Hypogalactosylation of immunoglobulin G in rheumatoid arthritis: relationship to HLA-DRB1 shared epitope, anticitrullinated protein antibodies, rheumatoid factor, and correlation with inflammatory activity

Arthritis Res Ther. 2018 Mar 14;20(1):44. doi: 10.1186/s13075-018-1540-0.


Background: Galactosylation of immunoglobulin G (IgG) is reduced in rheumatoid arthritis (RA) and assumed to correlate with inflammation and altered humoral immunity. IgG hypogalactosylation also increases with age. To investigate dependencies in more detail, we compared IgG hypogalactosylation between patients with RA, patients with axial spondyloarthritis (axSpA), and healthy control subjects (HC), and we studied it in RA on the background of HLA-DRB1 shared epitope (SE), anticitrullinated protein antibodies (ACPA), and/or rheumatoid factor (RF) status.

Methods: Patients with RA (n = 178), patients with axSpA (n = 126), and HC (n = 119) were characterized clinically, and serum IgG galactosylation was determined by capillary electrophoresis. Markers of disease activity, genetic susceptibility, and serologic response included C-reactive protein (CRP), erythrocyte sedimentation rate (ESR), DAS28, SE, HLA-B27, ACPA, and RF. Expression of glycosylation enzymes, including beta 1-4 galactosyltransferase (B4GALT3) activity, were estimated from transcriptome data for B-cell development (GSE19599) and differentiation to plasma cells (GSE12366).

Results: IgG hypogalactosylation was restricted to RA and associated with increasing CRP levels (p < 0.0001). In axSpA, IgG hypogalactosylation was comparable to HC and only marginally increased upon elevated CRP. Restriction to RA was maintained after correction for CRP and age. Treatment with sulfasalazine resulted in significantly reduced IgG hypogalactosylation (p = 0.003) even after adjusting for age, sex, and CRP (p = 0.009). SE-negative/ACPA-negative RA exhibited significantly less IgG hypogalactosylation than all other strata (vs SE-negative/ACPA-positive, p = 0.009; vs SE-positive/ACPA-negative, p = 0.04; vs SE-positive/ACPA-positive, p < 0.02); however, this indicated a trend only after Bonferroni correction for multiple testing. In SE-positive/ACPA-negative RA IgG hypogalactosylation was comparable to ACPA-positive subsets. The relationship between IgG hypogalactosylation and disease activity was significantly different between strata defined by SE (CRP, p = 0.0003, pBonferroni = 0.0036) and RF (CRP, p < 0.0001, pBonferroni < 0.0012), whereas ACPA strata revealed only a nonsignificant trend (p = 0.15). Gene expression data indicated that the key enzyme for galactosylation of immunoglobulins, B4GALT3, is expressed at lower levels in B cells than in plasma cells.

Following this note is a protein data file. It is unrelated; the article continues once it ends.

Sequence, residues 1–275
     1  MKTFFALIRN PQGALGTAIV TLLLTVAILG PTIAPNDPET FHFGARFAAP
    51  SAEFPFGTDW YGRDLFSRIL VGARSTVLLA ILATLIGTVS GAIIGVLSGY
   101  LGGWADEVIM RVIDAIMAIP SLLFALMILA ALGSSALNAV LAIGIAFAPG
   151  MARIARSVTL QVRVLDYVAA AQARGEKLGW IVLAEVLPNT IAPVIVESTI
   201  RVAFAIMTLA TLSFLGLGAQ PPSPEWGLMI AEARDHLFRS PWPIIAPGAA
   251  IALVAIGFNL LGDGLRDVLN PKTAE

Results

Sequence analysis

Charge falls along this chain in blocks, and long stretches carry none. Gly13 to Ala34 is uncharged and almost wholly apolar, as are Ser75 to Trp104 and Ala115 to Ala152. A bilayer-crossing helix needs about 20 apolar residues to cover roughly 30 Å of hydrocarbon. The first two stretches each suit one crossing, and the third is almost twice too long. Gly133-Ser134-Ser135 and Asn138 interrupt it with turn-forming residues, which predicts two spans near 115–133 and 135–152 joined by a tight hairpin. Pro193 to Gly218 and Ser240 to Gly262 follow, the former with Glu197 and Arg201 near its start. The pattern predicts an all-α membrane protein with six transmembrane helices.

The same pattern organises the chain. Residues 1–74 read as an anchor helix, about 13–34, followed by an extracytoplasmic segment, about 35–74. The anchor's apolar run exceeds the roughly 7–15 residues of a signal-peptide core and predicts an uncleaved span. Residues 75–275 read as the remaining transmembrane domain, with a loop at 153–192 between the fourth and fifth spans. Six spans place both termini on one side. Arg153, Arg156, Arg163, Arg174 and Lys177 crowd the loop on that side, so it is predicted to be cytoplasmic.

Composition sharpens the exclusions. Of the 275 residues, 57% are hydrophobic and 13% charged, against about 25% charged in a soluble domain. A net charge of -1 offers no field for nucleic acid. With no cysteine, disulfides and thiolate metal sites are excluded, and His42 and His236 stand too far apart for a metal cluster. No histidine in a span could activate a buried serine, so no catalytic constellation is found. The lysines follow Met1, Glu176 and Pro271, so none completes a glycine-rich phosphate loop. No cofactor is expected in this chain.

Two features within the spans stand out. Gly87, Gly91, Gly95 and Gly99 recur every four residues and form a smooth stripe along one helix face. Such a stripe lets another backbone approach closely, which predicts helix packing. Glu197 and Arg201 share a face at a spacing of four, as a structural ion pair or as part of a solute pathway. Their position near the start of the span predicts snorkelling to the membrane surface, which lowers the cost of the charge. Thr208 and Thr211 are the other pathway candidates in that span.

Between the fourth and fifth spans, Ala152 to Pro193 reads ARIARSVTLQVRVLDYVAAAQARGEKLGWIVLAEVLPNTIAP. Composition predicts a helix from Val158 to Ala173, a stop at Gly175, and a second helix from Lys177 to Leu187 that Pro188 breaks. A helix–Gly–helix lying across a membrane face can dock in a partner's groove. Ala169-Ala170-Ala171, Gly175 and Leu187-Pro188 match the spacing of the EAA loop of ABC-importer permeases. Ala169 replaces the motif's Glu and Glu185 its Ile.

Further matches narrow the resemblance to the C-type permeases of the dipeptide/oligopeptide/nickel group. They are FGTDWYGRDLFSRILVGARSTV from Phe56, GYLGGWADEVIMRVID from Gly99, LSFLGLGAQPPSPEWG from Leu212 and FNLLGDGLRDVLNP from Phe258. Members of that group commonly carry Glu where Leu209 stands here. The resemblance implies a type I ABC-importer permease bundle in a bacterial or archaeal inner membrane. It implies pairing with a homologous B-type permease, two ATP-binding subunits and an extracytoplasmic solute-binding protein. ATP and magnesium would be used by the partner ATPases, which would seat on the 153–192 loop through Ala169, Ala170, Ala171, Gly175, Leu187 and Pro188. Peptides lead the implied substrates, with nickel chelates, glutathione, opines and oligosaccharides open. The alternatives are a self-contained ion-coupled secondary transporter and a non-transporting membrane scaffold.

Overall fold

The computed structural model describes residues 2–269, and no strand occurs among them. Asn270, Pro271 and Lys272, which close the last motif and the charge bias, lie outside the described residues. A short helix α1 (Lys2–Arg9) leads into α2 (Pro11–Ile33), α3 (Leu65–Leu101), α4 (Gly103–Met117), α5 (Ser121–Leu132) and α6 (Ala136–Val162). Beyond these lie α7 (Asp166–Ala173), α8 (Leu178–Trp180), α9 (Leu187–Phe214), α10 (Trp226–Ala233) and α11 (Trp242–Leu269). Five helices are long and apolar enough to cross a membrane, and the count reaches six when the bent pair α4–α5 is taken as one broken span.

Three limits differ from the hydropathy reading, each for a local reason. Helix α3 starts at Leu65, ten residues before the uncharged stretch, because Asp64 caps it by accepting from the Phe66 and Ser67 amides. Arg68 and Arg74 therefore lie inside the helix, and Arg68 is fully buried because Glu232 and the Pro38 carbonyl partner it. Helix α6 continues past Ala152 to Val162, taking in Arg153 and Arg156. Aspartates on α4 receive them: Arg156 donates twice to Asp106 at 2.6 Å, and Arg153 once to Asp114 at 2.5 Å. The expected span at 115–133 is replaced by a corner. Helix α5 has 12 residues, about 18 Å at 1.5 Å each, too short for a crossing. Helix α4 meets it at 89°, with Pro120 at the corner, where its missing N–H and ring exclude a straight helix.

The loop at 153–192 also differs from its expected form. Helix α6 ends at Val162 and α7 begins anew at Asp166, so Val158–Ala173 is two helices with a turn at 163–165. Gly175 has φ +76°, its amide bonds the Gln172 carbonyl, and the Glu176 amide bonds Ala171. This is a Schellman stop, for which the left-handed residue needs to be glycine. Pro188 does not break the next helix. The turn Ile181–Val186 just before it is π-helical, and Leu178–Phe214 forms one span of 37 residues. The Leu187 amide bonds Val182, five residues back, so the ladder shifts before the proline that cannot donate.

Conclusions: Increased IgG hypogalactosylation in RA but not in axSpA points to humoral immune response as a precondition. Reduced B4GALT3 expression in B cells compared with plasma cells supports relatedness to early B-cell triggering. The differential influence of RA treatment on IgG hypogalactosylation renders it a potential diagnostic target for further studies.

Keywords: Anticitrullinated protein antibodies (ACPA); Axial spondyloarthritis (axSpA); C-reactive protein (CRP); Disease Activity Score in 28 joints (DAS28); HLA-DRB1 shared epitope (HLA-DRB1 SE); IgG hypogalactosylation; Rheumatoid arthritis (RA); Rheumatoid factor (RF).

Publication types

  • Research Support, Non-U.S. Gov't

MeSH terms

  • Adult
  • Aged
  • Arthritis, Rheumatoid / blood*
  • Arthritis, Rheumatoid / diagnosis
  • Autoantibodies / blood*
  • Biomarkers / blood
  • Citrullination / physiology
  • Epitopes / blood*
  • Female
  • Galactose / blood
  • HLA-DRB1 Chains / blood*
  • Humans
  • Immunoglobulin G / blood*
  • Inflammation Mediators / blood
  • Male
  • Middle Aged
  • Rheumatoid Factor / blood*


  • Autoantibodies
  • Biomarkers
  • Epitopes
  • HLA-DRB1 Chains
  • Immunoglobulin G
  • Inflammation Mediators
  • Rheumatoid Factor
  • Galactose